In matters of reclamation Oregon has
not only been neglected but robbed. She has
contributed over $10,000,000 to the fund and
received $4,800,000 in return. The Issue Is,
shall the balance be restored to our state?
In nearly every part of our state are
thousands of acres of land awaiting the
magic touch of the hand of the enlightened,
energetic immigrant. Much of the best
u ood of Europe, represented by her people
from Italy to Norway, have come to us and
millions more will be encouraged to come
if they can be assured the high privileges
lnat have been accorded them Industrially
and socially through the policies of the Re
puollcan party. But why should he come
here If he Is to compete with the same con
ditions from which he would flee? Ths
only psrtlssn measure that has been cham
pioned by the present Democratic Admin
istration, and over ths protest and votes
Closes September 15. Better let us help you
PLAN YOUR EASTERN TRIP NOW
with a side trip through the Park. Through sleeper
to Park entrance leaves Union Depot 7 P. M. every
OREGON WASHINGTON RAILROAD &
Low round-trip rares 10 many umiu "7T
effect to September 30; going limit, 15 dayB; return
limit, October 31.
SOLID THROUGH TRAINS
CHOICE OF ROUTES
Leads all routes in scenery and cities of importance.
Maintains superiority in service, connections, equip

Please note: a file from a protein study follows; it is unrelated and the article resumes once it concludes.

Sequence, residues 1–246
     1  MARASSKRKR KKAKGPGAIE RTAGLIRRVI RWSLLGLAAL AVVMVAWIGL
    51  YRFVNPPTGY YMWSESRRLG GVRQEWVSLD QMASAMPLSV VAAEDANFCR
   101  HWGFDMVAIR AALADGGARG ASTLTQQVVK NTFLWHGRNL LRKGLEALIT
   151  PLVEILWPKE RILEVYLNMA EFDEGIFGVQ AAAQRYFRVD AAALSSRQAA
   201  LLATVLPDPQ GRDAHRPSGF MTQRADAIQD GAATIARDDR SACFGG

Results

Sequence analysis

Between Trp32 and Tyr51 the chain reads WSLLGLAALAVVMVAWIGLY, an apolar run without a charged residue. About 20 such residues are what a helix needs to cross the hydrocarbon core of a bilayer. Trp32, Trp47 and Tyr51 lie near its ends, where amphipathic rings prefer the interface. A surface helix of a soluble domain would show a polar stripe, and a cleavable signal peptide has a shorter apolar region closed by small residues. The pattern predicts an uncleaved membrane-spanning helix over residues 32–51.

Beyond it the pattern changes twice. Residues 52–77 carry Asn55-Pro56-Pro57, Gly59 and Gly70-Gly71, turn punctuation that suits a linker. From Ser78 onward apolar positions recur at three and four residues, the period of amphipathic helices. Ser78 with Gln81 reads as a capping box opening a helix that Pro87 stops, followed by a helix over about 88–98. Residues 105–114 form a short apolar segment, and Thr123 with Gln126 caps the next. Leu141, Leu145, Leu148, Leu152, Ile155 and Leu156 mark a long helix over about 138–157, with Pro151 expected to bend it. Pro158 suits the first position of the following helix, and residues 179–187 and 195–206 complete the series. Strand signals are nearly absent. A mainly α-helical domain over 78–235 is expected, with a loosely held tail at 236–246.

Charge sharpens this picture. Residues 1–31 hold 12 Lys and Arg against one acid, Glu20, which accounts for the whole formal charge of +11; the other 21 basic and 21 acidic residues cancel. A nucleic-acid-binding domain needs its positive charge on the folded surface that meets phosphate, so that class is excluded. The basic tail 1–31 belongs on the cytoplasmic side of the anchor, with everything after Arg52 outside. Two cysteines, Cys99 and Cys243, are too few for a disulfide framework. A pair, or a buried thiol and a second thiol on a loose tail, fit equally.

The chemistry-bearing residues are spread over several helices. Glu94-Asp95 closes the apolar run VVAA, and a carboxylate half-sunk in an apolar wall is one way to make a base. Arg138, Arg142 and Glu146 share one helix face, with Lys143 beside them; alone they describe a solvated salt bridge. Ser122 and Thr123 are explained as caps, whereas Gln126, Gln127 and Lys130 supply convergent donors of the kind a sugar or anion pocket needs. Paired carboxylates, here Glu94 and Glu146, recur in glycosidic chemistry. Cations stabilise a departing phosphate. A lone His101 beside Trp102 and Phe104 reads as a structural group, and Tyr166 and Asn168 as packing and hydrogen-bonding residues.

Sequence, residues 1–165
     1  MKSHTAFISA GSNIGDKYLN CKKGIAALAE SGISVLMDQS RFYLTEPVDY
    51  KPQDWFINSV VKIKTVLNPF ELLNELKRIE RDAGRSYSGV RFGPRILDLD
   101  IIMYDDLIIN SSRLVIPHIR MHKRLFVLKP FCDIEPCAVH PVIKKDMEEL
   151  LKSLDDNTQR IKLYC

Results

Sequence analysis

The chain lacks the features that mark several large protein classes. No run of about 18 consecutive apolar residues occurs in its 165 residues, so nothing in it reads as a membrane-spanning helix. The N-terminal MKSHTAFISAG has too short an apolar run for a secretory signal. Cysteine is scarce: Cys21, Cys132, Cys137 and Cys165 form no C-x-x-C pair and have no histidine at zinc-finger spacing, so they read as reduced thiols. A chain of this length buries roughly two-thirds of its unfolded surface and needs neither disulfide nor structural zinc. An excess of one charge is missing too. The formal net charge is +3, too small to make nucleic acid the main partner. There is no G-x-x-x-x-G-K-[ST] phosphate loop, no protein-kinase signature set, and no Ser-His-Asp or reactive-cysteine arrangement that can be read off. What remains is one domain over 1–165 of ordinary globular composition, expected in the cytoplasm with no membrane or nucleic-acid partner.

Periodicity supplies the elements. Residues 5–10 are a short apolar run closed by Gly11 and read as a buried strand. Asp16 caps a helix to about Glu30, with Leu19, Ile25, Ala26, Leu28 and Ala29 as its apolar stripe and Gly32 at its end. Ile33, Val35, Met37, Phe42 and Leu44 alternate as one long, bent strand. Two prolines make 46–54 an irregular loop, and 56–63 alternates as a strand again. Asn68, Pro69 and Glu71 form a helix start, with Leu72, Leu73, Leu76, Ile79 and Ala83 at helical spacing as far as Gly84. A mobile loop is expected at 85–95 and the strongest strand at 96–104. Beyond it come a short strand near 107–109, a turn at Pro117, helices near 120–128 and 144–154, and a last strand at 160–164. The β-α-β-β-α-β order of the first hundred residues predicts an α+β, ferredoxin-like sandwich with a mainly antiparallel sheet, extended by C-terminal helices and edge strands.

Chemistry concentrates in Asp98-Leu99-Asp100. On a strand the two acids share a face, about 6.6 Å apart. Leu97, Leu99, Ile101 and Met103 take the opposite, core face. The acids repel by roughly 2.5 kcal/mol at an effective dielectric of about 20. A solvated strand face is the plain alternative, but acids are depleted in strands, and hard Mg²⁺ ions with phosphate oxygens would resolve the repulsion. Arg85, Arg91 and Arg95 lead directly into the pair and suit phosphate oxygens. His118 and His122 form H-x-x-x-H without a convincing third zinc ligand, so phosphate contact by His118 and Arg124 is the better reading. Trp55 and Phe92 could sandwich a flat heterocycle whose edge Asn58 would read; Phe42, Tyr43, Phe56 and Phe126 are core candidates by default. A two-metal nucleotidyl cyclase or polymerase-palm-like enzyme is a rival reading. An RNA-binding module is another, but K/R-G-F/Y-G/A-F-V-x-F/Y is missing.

BLOCK SIGNALS ALL THE WAY TO CHICAGO
FARES: .. . .
Denver, Colorado springs oo.
Kansas City, Omaha 60.00
Saint Louis 70.00
Chicago 72 00
Corresponding rates to other
Full information, tickets and
reservations upon application.
CITY TICKET OFFICE,
3d and Washington Streets.
Phones: Marshall 4500. k tttTL
of Republicans, enacted Into law by a Dem
ocratic Congrees. Is the preeent tarlft law.
What haa It done for American Industry
or the American laborer? By admitting to
this country the product of other countries
at reduced ratea or free, it haa stifled
American factories and reduced the wave
or thrown Into Idleness tho American la
borer. What Democrats Haw Done Revealed.
Last year, according to a British report,
the shipments ior June of British woolens
Into the United States waa 95.000 yards. In
June this year, under the Democratic tariff,
the shipments were 948.000 yards, an In
crease of nearly 900 per cent.
In June. 191S. the shipments of British
worsteds were 414.000 yards; this year, for
the corresponding month, they were 2.821.
000 yards. Likewise In cotton goods the
shipments almust doubled.
The report of our Government shows the
Import of woolens In May. 1913, to bo lesa
than 10,000.000 pounds, and In May. 1914.
under the Democratic tariff, to be over 81.
From the Congreeslonal Record for August
11, 1914, we may road that for the nine
montha ending June 80, 1918. under a Re
publican tariff there waa shipped Into the
United States from foreign countries 23
Item, all products of the farms and pas
turea, lesa than 8SO.000.000 worth. Tor
the correapondlng months this year, under
the Democratic tariff, the value of the same
Items Imported waa over $128,000,000.
I will specifically mention a few of th